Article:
A couple of years ago Hallmark Christmas movies were being attacked as too white, too traditional, too heterosexual, and not enough gay, black and, yes, Islamic. As Slate.com put it in 2017, “…they all depict a fantasy world in which America has been Made Great Again.” Salon.com agreed: “This is a cultural representation issue and one made especially disheartening when you take into account the way these movies sell a nostalgia for a false, if durable, vision of an America that never existed.” Slate and Salon are leftist publications that criticize everything they perceive as traditional American values. So Hallmark changed, and now it is part of the “woke” culture. But not all of America is like that, even today.
Wayland, Ohio is a small, rural burg even today. While Griff’s old post office/general store no longer exists, and the town hall and church built in the early 1800s were sold by the township trustees in the late 1970s, Wayland still recalls the strength and ideals of America and the American way of life. Wayland is connected to Paris, Palmyra, Deerfield, Charlestown, and Edinburgh—each about five miles from the other. The people that lived in these communities when I was growing up were diverse—Italian, Welsh, Hungarian, German, Black, White, Catholic, Protestant, very poor, middle class, upper middle class. They were farmers, factory workers, storekeepers, volunteer firemen, construction workers.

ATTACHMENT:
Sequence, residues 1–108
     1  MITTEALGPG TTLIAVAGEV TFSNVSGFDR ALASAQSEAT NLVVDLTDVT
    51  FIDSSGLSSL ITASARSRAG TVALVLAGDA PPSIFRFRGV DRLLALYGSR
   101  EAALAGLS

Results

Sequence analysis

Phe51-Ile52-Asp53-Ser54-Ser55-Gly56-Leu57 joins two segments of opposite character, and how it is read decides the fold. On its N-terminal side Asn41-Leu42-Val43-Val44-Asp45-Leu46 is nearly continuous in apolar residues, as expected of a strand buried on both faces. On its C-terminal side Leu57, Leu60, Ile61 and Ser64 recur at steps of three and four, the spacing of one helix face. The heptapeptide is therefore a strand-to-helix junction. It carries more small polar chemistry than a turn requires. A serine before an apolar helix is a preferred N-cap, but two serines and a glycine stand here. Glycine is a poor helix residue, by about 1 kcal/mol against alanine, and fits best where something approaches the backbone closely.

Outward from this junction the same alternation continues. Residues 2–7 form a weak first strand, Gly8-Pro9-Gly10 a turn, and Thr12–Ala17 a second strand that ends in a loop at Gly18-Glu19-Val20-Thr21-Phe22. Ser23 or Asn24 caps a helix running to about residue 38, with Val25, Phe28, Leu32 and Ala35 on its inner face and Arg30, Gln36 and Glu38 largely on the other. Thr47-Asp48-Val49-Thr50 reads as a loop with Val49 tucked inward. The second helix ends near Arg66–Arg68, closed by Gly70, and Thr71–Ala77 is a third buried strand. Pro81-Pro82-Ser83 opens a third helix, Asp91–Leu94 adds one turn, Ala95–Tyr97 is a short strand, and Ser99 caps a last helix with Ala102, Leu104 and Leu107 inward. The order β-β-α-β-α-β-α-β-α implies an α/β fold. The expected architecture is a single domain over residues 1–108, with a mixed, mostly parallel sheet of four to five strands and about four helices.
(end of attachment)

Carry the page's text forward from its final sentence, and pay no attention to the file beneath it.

I remember one Christmas, the Umbaughs across the road from our church lost everything in a fire. They were not members of the church and they were largely first generation “foreigners” to the area. But everyone made sure they had food, clothing, housing, fuel and fellowship until they got back on their feet. Leonard Bell’s father died. They lived next to Paris school. Everyone chipped in and made sure their needs were met. If someone’s car stopped alongside the road, a neighbor would make sure they got what they needed to fix it and get back on the road. When it was harvest time, my Dad and our neighbors helped one another get the crops in. We took freshly baked cookies and pies to one another for no good reason except to be kind and neighborly.
There was a connection between all the families in the area. And you know something, these traditions continue today. They are instilled in each of us. My wife’s family lived only about 10 miles from mine. We knew each other from young ages. The American tradition depicted by Hallmark lives in them every day of the week, every month of the year, not just on Christmas. It reaches beyond differences in religious beliefs, politics, ethnic backgrounds, race, or all the “isms” the anti-America crowd likes to throw in our faces. We aren’t perfect, but we are kind and civil. We follow a simple rule as spoken by Christ in Luke 6:31, “ And as you would that men should do to you, do you also to them likewise.” The America that Hallmark once portrayed does exist in the hearts of those who love God, country and family. You and I are part of it.